As Tax Day Approaches, Thousands of Working Families Await Action on Their 2011 and 2012 Filings
By David Rousseau and Jon Whiten
As April 15 inches closer and a half-million low-income working New Jerseyans await the economic boost of the Earned Income Tax Credit (EITC), nearly 200,000 filers from the previous two years continue to wait for almost $100 million in unpaid credits from this essential anti-poverty program.
NJPP has been closely tracking the state’s fraud investigation that has left many of New Jersey’s lowest-earning workers in the lurch. New data provided to us after an open-records request show that the state has made little progress in clearing the logjam. For the families affected, the delay can have dire effects.
In about six months, New Jersey was able to reduce 2011’s pending EITC claims by 1,674, but 89,268 claims – 87 percent of those set aside – remain in limbo after two years. That equals $45.7 million in much-needed tax relief that these folks expected two years ago. In the same time, the state made more progress reducing 2012’s pending EITC claims: Those dropped by 11,163, leaving 89,001 pending claims totaling $52.7 million in credits.
New Jersey families who receive the EITC are already suffering under what will soon be a fifth year of tax increases from the 2010 benefit reduction. If the EITC is not restored in the 2015 budget, about a half-million New Jersey families will have lost between $250 and $300 million in crucial tax credits that help them get a leg up in high-cost New Jersey. Some of the poorest families have lost $331 a year, totaling $1,650 over five years.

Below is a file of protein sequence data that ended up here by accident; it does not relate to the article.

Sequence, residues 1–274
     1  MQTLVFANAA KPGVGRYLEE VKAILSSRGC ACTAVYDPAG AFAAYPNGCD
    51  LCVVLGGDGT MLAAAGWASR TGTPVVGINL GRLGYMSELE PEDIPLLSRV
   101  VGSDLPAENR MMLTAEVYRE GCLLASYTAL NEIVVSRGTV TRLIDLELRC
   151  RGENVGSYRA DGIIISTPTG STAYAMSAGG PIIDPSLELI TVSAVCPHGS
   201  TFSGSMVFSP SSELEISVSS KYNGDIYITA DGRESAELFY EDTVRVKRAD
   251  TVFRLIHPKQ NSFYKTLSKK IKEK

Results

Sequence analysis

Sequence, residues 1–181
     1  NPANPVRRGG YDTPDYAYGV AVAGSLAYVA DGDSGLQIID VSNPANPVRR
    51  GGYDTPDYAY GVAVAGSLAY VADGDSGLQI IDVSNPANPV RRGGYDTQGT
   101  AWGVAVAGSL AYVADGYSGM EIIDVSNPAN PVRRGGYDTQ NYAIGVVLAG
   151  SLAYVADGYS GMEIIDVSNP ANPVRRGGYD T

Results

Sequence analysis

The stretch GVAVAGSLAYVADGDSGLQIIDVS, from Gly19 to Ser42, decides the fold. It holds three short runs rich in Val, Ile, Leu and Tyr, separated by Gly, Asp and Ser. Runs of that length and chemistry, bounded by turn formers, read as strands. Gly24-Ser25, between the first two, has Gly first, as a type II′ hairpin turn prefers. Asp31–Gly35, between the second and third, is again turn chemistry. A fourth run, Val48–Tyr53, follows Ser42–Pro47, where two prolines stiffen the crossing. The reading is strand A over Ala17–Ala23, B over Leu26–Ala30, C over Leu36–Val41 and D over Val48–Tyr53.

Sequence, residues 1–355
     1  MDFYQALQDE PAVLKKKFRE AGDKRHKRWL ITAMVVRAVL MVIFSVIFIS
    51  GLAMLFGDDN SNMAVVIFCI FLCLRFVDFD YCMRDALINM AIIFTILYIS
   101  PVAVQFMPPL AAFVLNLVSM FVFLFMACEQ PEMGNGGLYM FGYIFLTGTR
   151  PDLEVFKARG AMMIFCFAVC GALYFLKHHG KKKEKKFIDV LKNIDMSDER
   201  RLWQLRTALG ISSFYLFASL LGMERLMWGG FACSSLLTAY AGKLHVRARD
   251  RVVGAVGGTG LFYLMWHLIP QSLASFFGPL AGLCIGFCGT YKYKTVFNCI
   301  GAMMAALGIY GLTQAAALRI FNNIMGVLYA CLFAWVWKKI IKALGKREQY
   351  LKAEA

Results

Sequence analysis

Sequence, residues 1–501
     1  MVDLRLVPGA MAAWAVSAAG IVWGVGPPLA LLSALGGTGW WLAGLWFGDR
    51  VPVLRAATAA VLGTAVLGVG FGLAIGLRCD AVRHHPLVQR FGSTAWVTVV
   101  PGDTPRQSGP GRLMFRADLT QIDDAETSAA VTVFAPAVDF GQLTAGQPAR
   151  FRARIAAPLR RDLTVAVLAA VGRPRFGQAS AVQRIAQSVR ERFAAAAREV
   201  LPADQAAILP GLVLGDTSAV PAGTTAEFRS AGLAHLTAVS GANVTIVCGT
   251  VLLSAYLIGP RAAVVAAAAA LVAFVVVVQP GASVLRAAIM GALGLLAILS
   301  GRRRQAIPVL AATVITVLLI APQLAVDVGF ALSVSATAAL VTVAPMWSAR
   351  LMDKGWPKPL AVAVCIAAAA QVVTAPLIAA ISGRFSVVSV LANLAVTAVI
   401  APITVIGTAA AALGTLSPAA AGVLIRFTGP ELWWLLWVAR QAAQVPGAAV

The continued delays in prior year credits add insult to injury for these families. It is disappointing that no members of the Senate and Assembly budget committees pressed the state treasurer to explain the delayed processing of about one of five EITC filings. Recent reports document that the EITC procedures are bewilderingly complex and that uncertified and exploitative tax preparers are taking advantage of unsophisticated taxpayers. If so, this is a problem that may require more urgent action by both the administration and legislature.
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